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Newsy analysis finds more than 600 schools, with a total of more than 245,000 students, are located within 500 feet of an active oil or gas well.
In West Los Angeles, you'll find a strange building sitting between two synagogues and a private girls' school. It's called Cardiff Tower, and it actually looks like a very tall synagogue itself — at least from the street.
But if you could peek beyond the ivy-covered walls you’d find that what looks like a massive building is actually a disguised set of active oil and gas wells.
And that could be a health risk for the girls who attend school just across the street.
Oil and gas wells emit known carcinogens like benzene. According to research out of the Colorado School of Public Health, for people living within 500 feet of an oil or gas facility, the cancer risk is 8 times higher than the EPA’s accepted threshold.
According to a Newsy analysis, this private girls' school in Los Angeles is just one of more than 600 schools in the nation -- with a total of more than 245,000 students -- located within 500 feet of an active well.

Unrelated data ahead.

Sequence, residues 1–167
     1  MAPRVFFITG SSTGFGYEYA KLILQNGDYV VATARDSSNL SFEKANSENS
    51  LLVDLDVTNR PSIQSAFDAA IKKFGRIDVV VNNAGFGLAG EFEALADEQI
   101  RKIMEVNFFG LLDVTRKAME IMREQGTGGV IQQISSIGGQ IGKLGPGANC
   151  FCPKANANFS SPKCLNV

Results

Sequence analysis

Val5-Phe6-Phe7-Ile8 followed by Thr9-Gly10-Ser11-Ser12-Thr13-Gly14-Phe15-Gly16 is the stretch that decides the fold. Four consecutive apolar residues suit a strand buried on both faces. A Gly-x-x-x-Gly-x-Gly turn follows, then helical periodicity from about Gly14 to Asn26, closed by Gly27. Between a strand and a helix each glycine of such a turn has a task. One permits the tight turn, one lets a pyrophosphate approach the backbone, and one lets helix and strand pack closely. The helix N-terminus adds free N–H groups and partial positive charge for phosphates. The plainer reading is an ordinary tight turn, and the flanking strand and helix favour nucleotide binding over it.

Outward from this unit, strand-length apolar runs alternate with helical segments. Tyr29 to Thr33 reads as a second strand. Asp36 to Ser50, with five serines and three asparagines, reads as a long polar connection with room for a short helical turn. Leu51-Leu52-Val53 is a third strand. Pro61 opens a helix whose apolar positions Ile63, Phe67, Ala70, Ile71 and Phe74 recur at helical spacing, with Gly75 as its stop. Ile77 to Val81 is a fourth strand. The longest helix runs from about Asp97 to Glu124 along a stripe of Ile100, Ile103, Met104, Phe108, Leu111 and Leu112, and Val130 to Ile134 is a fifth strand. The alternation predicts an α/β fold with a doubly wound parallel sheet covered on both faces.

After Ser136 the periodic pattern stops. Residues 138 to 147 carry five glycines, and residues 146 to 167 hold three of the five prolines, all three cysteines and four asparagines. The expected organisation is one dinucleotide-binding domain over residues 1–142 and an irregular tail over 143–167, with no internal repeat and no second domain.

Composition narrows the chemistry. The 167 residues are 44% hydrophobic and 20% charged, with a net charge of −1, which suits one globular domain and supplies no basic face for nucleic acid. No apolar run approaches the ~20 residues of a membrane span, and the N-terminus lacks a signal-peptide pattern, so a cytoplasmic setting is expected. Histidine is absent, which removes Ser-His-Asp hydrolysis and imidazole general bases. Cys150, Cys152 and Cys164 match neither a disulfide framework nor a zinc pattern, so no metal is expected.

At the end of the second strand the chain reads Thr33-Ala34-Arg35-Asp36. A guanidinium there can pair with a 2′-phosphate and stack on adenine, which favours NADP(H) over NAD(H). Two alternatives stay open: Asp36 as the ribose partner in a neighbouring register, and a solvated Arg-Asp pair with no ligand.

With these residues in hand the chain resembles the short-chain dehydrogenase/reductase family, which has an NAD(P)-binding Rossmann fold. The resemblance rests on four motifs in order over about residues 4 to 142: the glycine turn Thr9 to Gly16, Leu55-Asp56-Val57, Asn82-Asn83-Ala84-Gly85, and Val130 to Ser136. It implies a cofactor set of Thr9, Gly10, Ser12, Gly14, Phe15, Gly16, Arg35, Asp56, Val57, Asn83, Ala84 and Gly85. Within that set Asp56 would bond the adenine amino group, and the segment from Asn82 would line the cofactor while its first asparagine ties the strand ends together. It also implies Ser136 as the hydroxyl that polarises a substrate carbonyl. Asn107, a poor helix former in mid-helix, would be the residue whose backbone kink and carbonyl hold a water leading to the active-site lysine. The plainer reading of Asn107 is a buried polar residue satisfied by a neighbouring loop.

We got those numbers by combining data on all the K12 schools in the U.S. with data about all the active wells.
We were able to get this data for wells in 30 out of the 33 states that have active oil and gas drilling operations.
To find schools near wells, we plotted all the schools on a map and drew a circle around each of them with a 500 foot radius then we looked for active oil and gas wells inside those circles.
Ohio, West Virginia, Texas, Louisiana and Pennsylvania are the states with the highest percentage of their students attending school within 500 feet of an active well.
Some schools are unlucky neighbors, but then there are cases like Maryvale Middle School in Cheektowaga, NY — where the school district operates one gas well on school grounds, and a third-party operates another on campus just to the east.
For every child who attends school near a well, we estimate there are many more people who actually live within the 500-foot risk zone — about 1.4 million people nationwide.
We dig deeper into why this drilling is happening — and its impact on people — in Newsy's feature-length documentary Blowout. And for state-by-state information on high-risk zones near drilling, check out newsy.com/blowout.
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